Yet, a well-crafted ending can simultaneously leave you with a profound understanding of your own place in the world. The best literary works are those that speak to some universal human experience. This universality is how books written in the 1800s can feel relevant to us, even as we read them in a world that is so dramatically altered. While a good ending is by no means a necessity to great literature, it is typically the case that our most memorable literary experiences are with those books that perfectly encapsulate their own purpose in the final pages. Since writing my post on Monday, I’ve been thinking about my favourite endings in literature and wondering what exactly it is that has enabled them to make such a profound impression. Today, I wanted to write about one of my favourites – the final paragraphs of F. Scott Fitzgerald’s The Great Gatsby – and try to distil exactly why its ending has the impact that it does.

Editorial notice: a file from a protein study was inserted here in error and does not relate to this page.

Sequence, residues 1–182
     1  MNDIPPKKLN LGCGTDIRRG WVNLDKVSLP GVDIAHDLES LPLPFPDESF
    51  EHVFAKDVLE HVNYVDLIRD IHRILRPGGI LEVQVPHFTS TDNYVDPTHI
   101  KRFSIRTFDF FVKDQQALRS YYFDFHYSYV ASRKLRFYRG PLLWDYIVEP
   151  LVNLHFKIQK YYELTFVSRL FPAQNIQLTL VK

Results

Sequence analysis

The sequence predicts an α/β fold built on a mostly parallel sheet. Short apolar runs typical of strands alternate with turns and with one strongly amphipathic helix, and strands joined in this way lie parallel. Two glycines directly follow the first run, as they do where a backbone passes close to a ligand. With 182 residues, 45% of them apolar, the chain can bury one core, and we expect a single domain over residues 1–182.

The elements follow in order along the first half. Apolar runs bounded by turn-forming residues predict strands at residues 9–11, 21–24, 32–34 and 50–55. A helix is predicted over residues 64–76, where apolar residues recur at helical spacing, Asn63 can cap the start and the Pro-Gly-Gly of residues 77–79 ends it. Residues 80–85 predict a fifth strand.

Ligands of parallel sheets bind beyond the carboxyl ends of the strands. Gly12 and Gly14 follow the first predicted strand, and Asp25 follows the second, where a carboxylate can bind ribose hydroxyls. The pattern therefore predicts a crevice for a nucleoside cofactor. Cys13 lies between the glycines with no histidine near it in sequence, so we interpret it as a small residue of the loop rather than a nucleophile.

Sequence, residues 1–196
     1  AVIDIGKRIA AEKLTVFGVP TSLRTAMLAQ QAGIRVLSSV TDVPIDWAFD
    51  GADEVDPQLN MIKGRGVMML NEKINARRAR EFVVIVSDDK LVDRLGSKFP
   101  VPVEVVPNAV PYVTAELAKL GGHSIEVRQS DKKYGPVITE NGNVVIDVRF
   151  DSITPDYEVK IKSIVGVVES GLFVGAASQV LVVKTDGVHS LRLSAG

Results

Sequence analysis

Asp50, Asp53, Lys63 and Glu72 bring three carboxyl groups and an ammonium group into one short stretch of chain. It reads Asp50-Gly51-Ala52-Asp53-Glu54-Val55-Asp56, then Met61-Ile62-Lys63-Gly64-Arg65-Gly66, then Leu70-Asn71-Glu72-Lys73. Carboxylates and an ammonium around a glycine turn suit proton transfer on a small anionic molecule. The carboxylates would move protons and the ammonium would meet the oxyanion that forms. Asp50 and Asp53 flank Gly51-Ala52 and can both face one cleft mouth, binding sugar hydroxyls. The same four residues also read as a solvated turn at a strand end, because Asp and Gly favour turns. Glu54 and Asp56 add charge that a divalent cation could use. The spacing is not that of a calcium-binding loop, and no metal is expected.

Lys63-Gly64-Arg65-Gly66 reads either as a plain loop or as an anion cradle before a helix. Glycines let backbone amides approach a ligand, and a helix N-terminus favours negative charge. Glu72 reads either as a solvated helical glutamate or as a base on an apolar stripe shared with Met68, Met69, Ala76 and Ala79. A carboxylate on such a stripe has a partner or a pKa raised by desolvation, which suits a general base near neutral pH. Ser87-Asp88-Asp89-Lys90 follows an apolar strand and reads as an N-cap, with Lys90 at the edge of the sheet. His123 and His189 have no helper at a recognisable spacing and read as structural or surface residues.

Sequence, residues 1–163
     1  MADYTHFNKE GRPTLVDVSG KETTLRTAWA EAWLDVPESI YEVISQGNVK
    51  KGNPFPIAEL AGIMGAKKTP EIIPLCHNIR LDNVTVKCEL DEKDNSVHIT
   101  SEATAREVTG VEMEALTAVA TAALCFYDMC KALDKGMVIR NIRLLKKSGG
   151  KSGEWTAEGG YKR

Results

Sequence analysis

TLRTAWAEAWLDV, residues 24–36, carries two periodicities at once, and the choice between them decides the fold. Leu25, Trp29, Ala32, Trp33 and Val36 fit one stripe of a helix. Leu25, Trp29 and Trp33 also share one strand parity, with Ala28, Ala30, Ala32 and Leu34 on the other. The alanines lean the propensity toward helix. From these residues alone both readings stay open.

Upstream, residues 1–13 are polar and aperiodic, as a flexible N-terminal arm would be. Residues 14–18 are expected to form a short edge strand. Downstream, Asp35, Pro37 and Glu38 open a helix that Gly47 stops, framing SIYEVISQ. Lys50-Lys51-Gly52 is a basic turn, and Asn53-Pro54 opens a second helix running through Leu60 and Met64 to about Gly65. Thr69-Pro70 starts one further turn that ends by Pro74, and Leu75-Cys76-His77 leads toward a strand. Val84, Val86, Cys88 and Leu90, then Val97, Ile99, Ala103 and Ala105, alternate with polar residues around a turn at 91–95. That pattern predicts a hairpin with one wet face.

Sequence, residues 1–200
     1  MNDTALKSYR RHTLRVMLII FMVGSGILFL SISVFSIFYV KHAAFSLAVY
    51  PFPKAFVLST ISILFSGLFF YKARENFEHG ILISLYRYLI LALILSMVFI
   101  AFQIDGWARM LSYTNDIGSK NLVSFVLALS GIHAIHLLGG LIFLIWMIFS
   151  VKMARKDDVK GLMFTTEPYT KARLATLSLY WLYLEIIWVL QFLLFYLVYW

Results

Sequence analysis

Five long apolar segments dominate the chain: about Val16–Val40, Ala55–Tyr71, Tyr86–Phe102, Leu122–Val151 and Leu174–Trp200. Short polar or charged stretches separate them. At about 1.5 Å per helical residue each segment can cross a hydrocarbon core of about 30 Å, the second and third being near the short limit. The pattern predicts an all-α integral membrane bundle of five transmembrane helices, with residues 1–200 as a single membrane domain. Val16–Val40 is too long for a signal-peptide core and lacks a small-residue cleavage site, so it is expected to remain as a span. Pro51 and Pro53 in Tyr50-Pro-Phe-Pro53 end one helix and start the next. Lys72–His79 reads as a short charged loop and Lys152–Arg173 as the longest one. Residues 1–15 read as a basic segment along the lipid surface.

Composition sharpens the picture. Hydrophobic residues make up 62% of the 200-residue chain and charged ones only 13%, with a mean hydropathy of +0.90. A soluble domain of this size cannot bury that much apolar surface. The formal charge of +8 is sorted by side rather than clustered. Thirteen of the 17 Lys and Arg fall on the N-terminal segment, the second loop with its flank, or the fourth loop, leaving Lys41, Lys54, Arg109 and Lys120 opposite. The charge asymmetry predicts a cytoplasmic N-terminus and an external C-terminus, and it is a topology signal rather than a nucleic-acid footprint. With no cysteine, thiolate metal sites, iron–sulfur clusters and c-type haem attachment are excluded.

*While I keep all of my reviews spoiler-free, this post is obviously going to have a LOT of spoilers. If you haven’t read The Great Gatsby and don’t want to spoil the ending for yourself, stop reading here!*

Without reflecting on Fitzgerald’s intentions with the ending of The Great Gatsby, it would be very easy to think that it is one of the most depressing and unresolved endings in literary history. We finish the book with the deaths of most of the novel’s main characters, including Gatsby himself. Gatsby’s death is particularly difficult to process. After a life spent surrounded by people and in pursuit of his singular dream, Gatsby dies and is laid to rest in a way that reflects the truly solitary nature of his existence: